Round 17 – Collingwood v Gold Coast: Learning to trust again

A footy supporter is a weird lifestyle choice. Your life pattern begins with one-eyed fanaticism; a strong passion for your side. Opening up your emotions to be toyed with. Sometimes, you choose the right path and your faith is rewarded by success, by hearing your side’s coach deliver a stirring thank-you speech atop the MCG dais. For others, you just get heartache, and soon harden your emotions to get used to the hurt. Regardless of which path you choose, you’re easily converted to caring once again if a new coach comes in or the side wins a couple in a row. It’s just footy.


This season in itself has been a journey for most hardened AFL fans. For a Collingwood one, it’s been a rollercoaster. There’s been hope from the early rounds, where strong wins cemented us as a flag chance once again. A mid-season drop-off compounded by cruel injuries made us all cool off and consider whether it really was our year, and whether we wanted it to be our year amidst these confounding circumstances. A rocky road to the last few rounds gives us a shot at finals, but we are now all guarded. Do we believe? Do we open ourselves up to being hurt again?


I entered the Round 17 clash with the Suns still holding back. Despite flashes of greatness, there has been nothing to rouse the optimistic Magpie for the past couple of months. Now, with Jordan De Goey and Adam Treloar back, this match shaped to be a defining guide for the rest of the year. Would I be enticed into emotionally releasing myself, and openly believe? Or would I leave bitter and sheltered like I remember feeling when I walked out of the MCG on a wet Saturday night after a Preliminary Final loss to the Giants?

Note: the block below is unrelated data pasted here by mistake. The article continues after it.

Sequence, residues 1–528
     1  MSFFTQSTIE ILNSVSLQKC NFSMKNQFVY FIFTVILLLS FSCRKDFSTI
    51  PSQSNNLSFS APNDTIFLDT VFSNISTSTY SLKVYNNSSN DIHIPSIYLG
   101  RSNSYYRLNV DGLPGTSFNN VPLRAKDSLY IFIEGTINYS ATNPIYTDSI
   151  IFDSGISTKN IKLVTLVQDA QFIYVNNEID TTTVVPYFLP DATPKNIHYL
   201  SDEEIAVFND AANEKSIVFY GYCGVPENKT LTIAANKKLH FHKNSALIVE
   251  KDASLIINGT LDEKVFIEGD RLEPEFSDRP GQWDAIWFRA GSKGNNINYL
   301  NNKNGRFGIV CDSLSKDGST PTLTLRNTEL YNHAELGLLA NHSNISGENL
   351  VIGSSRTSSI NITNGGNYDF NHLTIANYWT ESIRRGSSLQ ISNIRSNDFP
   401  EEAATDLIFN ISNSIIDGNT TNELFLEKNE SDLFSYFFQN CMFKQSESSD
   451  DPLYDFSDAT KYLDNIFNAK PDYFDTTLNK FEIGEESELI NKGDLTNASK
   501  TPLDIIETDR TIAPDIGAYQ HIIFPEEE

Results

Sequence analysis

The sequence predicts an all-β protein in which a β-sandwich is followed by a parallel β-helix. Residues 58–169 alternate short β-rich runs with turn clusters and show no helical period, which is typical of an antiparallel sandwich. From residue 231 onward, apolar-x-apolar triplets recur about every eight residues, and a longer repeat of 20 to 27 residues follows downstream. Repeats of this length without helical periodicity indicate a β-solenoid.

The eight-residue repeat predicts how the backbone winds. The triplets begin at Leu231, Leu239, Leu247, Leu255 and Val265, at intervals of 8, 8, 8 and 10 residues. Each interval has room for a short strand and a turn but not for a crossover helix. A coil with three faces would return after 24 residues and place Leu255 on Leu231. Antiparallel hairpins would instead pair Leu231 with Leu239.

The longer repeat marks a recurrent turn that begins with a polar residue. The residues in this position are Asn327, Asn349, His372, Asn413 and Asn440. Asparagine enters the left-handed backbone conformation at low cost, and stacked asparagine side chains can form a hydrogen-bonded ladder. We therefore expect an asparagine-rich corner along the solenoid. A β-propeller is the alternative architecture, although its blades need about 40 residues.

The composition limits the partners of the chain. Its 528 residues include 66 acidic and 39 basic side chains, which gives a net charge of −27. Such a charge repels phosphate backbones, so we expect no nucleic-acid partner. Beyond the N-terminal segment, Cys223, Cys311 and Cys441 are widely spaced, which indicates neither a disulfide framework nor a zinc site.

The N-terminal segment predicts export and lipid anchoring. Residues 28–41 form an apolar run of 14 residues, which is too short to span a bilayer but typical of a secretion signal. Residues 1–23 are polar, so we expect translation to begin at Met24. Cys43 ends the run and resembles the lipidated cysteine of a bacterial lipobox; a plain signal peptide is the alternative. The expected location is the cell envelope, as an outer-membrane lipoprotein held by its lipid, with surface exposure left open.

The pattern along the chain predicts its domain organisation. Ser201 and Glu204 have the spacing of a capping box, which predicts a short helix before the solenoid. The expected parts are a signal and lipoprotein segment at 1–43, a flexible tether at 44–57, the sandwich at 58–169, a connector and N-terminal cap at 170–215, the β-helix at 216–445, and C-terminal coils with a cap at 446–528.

If any player could cause me to stir from my tentative state, it was De Goey. When he flung Hugh Greenwood around and coolly slotted the game’s first goal, a small feeling ascended in my stomach – that feeling you get when you rise up a bump in the road and drop down again too quickly. Adrenaline. Unfortunately, this feeling gave way to disgust when sloppy defence gifted Alex Sexton three straight goals to finish the quarter.


The second quarter continued to be played at a scrappy standard – no team has completely adjusted to the dew of a Brisbane night. The only positive about these conditions is that it makes the stellar players stand out even more. Josh Daicos is certainly one – his calm around flying bodies and his ability to create something out of nothing is so reassuring, even though this is his first full season on the wing. Isaac Quaynor is another who possesses that calm; he is so smooth, his gait delightful, like watching a 400-metre runner slowly tick them over around the bend while easily passing their competitors. Darcy Moore, when deciding to fly into packs, is unstoppable. Brodie Grundy is a piece of the jigsaw puzzle that lies discarded on the floor. Someone get the vacuum to suck it back up so we can slot him into the heart of the side.